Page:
I must take this time to say that that was a mighty fine thing of you to do, helping to support Mrs. Stockett and her family for generations to come (possibly even in the hiring of their future help). Oh, I am being facetious with the last line, so please read on.
Let’s take a minute to dream and imagine what if, being a black book club and all, you had banded together to stand behind a black historical fiction novel, such as A Long Way from Home by Connie Briscoe or the countless others that are collecting dust at your local Goodwill. Imagine a moment of black history told from the mouths of great-great grandparents of blacks and passed down through the generations and who had actually been The Help. Now, imagine that moment in history captured and receiving the same support as Mrs. Stockett’s novel. Is the imagery fizzling…
Let us be clear. White readers and book clubs have never supported a piece of fiction written by an African American author in this way. After hearing several black book clubs announce that The Help was their book of the month and hearing several friends mention the book, I decided to experience it for myself. I knew it was going to be something extraordinary, and alas I borrowed the audio version from the local library and actually sat through and enjoyed what I think is a pretty good piece of fiction.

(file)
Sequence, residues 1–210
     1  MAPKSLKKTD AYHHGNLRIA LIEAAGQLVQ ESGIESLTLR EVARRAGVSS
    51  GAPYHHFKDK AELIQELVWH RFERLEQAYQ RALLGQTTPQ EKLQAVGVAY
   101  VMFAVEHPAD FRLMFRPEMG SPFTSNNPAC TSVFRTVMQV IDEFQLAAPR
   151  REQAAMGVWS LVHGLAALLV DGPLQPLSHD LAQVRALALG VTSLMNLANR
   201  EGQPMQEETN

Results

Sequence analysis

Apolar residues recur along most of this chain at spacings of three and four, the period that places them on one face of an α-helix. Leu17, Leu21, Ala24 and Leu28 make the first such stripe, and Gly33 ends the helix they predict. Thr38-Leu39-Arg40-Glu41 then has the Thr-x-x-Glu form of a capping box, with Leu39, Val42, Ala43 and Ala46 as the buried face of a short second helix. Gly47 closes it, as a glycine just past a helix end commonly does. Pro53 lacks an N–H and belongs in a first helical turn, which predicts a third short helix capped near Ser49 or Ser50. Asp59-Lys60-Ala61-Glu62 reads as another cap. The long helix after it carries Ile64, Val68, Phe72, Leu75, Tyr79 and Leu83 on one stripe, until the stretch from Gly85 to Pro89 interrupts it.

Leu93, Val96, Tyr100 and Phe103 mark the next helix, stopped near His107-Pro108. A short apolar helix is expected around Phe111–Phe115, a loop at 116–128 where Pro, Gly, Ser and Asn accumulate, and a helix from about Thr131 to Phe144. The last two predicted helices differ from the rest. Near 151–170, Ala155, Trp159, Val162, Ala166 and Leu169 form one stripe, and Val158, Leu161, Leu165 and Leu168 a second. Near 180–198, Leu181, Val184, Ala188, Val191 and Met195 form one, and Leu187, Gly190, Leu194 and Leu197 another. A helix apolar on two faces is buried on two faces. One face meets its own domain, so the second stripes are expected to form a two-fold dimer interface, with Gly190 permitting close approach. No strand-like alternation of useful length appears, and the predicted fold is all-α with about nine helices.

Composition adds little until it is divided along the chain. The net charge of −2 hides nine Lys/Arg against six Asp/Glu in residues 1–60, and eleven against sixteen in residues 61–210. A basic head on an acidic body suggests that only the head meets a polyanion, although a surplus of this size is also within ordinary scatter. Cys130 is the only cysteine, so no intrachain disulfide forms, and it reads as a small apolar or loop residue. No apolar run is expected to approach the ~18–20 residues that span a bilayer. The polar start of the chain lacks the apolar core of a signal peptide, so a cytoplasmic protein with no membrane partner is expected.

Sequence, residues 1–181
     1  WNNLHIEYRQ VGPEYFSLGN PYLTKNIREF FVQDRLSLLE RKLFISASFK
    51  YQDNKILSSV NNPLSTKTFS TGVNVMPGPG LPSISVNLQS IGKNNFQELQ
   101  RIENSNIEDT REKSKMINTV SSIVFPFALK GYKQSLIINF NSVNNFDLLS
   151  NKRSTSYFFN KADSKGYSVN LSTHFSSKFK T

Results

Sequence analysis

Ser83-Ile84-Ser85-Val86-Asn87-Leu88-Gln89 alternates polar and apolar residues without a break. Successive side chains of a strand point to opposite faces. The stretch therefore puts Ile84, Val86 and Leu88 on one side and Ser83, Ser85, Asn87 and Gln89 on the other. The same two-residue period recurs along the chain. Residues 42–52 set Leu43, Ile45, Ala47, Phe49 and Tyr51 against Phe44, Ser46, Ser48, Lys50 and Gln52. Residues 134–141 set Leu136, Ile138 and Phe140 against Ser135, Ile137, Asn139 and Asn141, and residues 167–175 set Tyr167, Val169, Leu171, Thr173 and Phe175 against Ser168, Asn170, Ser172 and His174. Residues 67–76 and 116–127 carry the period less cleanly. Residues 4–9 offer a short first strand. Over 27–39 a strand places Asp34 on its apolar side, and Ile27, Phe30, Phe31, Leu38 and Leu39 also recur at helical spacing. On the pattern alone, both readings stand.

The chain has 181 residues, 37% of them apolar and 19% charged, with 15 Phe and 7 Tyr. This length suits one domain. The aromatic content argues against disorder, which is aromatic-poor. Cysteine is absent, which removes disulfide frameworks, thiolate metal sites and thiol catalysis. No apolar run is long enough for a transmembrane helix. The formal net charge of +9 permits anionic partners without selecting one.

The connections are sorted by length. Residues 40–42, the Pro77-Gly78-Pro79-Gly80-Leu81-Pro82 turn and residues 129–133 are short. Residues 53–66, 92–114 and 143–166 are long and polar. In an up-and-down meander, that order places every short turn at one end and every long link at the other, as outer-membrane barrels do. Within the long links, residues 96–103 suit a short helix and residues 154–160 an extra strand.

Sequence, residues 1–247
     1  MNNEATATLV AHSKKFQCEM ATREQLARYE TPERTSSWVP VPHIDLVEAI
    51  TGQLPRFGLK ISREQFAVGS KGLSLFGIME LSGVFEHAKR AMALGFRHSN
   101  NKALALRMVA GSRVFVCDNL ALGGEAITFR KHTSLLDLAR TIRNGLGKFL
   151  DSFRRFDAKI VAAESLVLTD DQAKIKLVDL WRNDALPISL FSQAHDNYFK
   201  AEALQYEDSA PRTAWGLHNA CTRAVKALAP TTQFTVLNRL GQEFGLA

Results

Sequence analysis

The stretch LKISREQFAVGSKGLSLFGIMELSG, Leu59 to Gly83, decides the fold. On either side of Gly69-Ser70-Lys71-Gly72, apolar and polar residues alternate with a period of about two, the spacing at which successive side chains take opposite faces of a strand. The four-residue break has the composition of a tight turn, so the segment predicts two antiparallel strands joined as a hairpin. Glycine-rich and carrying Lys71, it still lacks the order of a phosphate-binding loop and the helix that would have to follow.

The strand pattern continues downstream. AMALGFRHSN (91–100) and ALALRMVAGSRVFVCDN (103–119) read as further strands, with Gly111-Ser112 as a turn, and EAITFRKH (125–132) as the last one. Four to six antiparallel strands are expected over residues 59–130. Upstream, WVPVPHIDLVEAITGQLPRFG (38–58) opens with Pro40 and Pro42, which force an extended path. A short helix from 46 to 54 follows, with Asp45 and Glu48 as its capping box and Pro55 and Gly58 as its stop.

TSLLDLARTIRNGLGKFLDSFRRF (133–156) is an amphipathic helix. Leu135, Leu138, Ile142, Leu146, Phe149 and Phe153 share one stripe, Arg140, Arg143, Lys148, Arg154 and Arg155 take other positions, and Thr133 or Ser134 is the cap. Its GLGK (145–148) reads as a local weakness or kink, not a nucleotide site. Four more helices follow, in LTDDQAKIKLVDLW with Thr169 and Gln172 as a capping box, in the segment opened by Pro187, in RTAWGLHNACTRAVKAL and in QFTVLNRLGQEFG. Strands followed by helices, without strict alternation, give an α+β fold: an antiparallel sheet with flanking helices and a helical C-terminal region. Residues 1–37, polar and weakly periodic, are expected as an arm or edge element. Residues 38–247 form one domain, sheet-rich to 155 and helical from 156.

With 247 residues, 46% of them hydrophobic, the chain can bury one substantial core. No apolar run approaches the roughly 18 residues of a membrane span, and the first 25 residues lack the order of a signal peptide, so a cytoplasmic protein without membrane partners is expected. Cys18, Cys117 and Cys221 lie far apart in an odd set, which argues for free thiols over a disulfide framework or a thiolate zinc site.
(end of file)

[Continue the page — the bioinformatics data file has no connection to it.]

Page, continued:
I cannot say that I did not fall into The Help’s craze, temporarily. The feeling of nostalgia while travel back into a time where my grandmother and mother were no more than one-dollar an hour help that couldn’t use the main bathroom and where there was one super-white woman who wanted them to write the great American novel about it was definitely an experience. However, this was a short-lived utopia when, as an author, I felt that somehow, someway, and in some sort of fashion the African American fiction historians had been short changed by you.